New England '04

Greetings from New England!  We left Charleston in early June after the heat and humidity got to be too much for us. We made an overnight passage offshore to Beaufort, NC. Because the generator died we took a slip at the downtown docks and enjoyed watching the tourists watch us. We ended up spending much longer there than we intended while awaiting a new electrical end for the generator.

   Once all systems were once again operational we took the Intracoastal Waterway north to Oriental, then on to Norfolk. The trip was pretty, but the Alligator River was the pits. The biting flies attacked with a vengeance, leaving both of us with round, hard, itchy blisters. Ugh!

Our friend, Jim, who joined us for a week in the Bahamas back in February, returned for more liberty on Liberty. With our great 3rd crewmember aboard, we set sail from Norfolk to Martha’s Vineyard. He made the 4 day offshore passage much more enjoyable, not only for his great company, but because we were able to stand 1 in 3 watches instead of port and starboard! Thanks, Jim!

Jim points out an Aegis cruiser as we pass the Norfolk Naval Base piers

     As with all offshore passages, we got some good practice on the radar, including a stretch of fog as we crossed the New York City shipping lanes. No problem! The highlight of the trip was when Ty caught a bluefish big enough to grill up for the 3 of us as we sailed past Long Island!

Martha’s Vineyard was a real treat, as it was the first visit there for all three of us. We picked up a mooring in Edgartown Harbor (Once again, the locals have left no room for those of us who prefer to anchor). After a great dinner ashore and a good night’s sleep, the next day we took the bus to Oak Bluffs. (Public transportation is part of the fun of cruising!) The gingerbread houses like the one on the left gave this island town a unique flavor. After seeing Jim off, we continued on to Nantucket. That day’s sailing was one of the best ever, with our spinnaker billowing ahead like a big red and white banner!

Gingerbread House in Oak Bluffs, Martha’s Vineyard

We were able to anchor in the harbor at Nantucket, just outside the mooring field. The harbormaster circled our boat several times, probably wondering how they could fit another couple of rental moorings in our spot after we left!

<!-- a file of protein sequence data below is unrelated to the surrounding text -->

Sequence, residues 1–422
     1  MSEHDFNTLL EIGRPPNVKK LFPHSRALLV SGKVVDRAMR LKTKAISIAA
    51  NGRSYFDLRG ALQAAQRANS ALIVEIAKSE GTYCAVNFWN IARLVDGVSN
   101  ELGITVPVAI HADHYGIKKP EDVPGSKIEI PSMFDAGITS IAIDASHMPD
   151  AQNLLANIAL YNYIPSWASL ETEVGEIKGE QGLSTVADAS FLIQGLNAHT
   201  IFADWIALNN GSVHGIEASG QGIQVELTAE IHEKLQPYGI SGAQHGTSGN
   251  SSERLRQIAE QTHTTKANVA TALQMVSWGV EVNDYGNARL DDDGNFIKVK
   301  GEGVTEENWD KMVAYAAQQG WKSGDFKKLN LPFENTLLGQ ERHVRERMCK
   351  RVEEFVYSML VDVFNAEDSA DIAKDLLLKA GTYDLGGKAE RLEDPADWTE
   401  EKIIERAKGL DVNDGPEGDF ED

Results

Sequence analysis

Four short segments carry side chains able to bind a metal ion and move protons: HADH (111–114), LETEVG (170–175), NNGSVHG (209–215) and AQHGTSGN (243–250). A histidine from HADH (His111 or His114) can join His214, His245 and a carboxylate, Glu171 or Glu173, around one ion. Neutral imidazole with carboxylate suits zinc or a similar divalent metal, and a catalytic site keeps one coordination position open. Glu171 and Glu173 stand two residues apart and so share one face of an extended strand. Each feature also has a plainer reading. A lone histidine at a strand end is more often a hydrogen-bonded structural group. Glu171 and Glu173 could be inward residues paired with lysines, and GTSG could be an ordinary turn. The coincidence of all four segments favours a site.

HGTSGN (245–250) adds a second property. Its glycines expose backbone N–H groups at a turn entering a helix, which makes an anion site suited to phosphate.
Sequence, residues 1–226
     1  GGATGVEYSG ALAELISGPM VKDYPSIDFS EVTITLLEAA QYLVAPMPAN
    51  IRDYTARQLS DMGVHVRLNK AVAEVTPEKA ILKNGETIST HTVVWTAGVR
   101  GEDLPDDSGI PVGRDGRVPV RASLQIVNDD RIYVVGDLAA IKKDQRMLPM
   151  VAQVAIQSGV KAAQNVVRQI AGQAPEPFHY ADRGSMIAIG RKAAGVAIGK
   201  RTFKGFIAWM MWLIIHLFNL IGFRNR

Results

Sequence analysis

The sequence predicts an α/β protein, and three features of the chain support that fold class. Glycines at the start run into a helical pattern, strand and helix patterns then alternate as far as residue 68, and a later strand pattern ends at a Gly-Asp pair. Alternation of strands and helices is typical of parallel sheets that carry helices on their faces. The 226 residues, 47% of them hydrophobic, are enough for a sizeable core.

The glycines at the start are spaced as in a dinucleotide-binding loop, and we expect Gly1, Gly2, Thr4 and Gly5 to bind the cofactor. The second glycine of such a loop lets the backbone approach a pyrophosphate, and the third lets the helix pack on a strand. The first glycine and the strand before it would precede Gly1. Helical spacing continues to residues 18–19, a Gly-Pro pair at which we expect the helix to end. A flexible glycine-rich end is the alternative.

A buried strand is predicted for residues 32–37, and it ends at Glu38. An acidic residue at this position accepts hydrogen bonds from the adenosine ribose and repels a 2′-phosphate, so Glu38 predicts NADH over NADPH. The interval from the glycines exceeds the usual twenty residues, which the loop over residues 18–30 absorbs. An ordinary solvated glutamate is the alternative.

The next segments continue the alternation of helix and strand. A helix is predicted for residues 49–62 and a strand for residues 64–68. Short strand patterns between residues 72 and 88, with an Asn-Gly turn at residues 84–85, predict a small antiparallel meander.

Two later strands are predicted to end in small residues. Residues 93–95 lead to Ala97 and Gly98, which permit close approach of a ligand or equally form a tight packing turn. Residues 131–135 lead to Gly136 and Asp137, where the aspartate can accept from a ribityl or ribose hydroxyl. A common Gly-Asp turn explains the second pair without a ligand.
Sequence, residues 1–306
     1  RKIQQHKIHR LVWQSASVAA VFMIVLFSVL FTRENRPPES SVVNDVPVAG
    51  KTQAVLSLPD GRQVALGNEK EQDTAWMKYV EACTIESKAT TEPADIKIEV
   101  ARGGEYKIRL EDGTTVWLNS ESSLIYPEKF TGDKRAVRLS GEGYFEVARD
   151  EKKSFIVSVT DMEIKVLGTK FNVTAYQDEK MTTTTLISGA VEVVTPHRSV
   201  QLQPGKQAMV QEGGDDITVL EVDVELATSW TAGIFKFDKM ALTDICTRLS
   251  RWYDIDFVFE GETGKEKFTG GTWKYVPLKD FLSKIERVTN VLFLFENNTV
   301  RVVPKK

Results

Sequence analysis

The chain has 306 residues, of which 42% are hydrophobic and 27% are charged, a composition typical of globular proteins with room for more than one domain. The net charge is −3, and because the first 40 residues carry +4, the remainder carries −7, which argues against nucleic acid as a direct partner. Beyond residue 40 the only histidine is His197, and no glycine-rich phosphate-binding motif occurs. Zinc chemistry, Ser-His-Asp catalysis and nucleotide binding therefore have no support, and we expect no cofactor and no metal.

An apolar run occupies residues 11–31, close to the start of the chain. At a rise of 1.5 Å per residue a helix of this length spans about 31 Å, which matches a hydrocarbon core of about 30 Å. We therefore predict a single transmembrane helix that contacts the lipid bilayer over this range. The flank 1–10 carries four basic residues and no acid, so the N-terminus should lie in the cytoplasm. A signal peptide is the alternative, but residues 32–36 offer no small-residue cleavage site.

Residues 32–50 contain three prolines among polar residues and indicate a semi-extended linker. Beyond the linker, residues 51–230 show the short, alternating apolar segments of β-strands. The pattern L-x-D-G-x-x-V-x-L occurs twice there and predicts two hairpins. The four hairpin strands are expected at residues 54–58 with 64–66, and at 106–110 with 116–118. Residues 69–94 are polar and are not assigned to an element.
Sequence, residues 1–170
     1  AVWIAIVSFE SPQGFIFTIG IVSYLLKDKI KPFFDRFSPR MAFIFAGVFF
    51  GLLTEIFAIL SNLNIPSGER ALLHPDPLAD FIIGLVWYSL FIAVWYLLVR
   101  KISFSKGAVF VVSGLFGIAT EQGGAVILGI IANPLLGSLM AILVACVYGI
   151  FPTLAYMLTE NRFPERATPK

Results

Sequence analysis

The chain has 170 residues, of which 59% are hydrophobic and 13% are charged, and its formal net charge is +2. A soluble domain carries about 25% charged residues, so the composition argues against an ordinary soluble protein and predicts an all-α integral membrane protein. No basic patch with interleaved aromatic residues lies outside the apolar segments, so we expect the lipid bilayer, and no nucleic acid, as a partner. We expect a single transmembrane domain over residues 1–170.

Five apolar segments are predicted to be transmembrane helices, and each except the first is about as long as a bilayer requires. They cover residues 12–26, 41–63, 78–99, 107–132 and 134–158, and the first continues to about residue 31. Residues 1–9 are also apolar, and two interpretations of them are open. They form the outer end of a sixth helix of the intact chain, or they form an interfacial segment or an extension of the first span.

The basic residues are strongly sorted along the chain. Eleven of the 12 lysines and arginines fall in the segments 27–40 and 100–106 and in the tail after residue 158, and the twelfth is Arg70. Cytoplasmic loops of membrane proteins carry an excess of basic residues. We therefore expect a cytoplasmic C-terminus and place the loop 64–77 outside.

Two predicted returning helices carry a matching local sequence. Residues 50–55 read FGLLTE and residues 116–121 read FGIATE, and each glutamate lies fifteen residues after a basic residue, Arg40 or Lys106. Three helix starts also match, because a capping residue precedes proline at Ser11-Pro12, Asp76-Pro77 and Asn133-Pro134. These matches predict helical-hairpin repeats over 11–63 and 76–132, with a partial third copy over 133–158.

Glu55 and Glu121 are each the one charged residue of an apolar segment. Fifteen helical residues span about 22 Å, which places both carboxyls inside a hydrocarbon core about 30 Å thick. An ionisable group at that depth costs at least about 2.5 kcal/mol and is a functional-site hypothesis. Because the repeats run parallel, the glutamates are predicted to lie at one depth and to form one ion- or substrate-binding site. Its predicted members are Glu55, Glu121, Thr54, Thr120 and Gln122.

We got the bikes out and enjoyed several days of exploration on wheels. The bikes (bought at an end-of-season sale at a rental shop in Bar Harbor last year) have turned out to be one of the best things we have onboard. They’re full-sized mountain bikes which stow away on the lower pilot berth, completely out of sight!

Ty helps out some local entrepreneurs during a bike ride around Nantucket

After Nantucket we cruised on to Cuttyhunk. While preparing to drop the anchor we heard voices yelling from the shore. We ignored these crazy people until we realized they were calling “Hey, Liberty!” When we turned around, we immediately recognized our friends Jim and Judy from the Tayana 48 cutter, Songlines, whose company we enjoyed at Big Majors Spot in the Exumas! This has been the best part of our second year of cruising: running into great cruising friends we met during our first year!

Spectators crowd Dewey Field in front of the Naval War College for a 4th of July concert

We took a slip at Newport’s Navy Sailing Center, where we enjoyed the convenience of being pierside. While Ty flew back to northern Virginia to work on some rental property we own, Suzanne stayed with the boat and did some writing. Let’s see, Ty spent ten days painting an entire house and Suzanne babysat the boat. Who got the better side of that deal? Thanks, Honey!

The naval station turned out to be a great place to spend July 4th. A band concert and laser light show right across from the sailing center provided the perfect patriotic air to the holiday. Having the Newport bridge as a backdrop was an extra bonus.

Suzanne went with Geoff and June from Concerto to the famous 4th of July parade in Bristol, RI. It’s the oldest parade in the country, and was great fun, in spite of the pouring rain. Ty will never forget the 4th of July in 1973 when he was the Command Duty Officer aboard USS KOELSCH (DE 1049). His ship was anchored in Narragansett Bay while a contingent of his sailors marched in Bristol’s parade. Suddenly, Ty got a frantic radio call from the officer in charge of the marching unit and color guard. He told Ty that his sailors were under attack! The students from Roger Williams College in Bristol had chosen this patriotic parade as their way to protest what was happening in Vietnam, and they were attacking our sailors with bricks and baseball bats! Ty quickly dispatched a boatload of sailors and corpsmen to assist. This year, as Suzanne watched the parade, the Roger Williams College float paraded past with students wearing historic military uniforms! How times have changed! In fact, a group of soldiers in desert camouflage uniforms who had recently returned from Iraq drew the loudest cheers from the crowd, by far. God bless our soldiers, sailors, airmen and Marines!

The tall ships parade on Narragansett Bay in mid-July was a special treat. On the right is one of the Polish ships that participated.

As of this update, we’re still enjoying New England -- especially the delightfully comfortable temperatures and the wonderful hospitality of its citizens. (Thanks to Jim Schieffelin for loaning a couple of boat people his car for the day!) We’re not sure how far north we’ll go before heading south again. We may make it as far as Nova Scotia, or maybe only Maine. Who knows? This leisurely pace is kind of nice after last year’s push to get to Newfoundland for their short summer.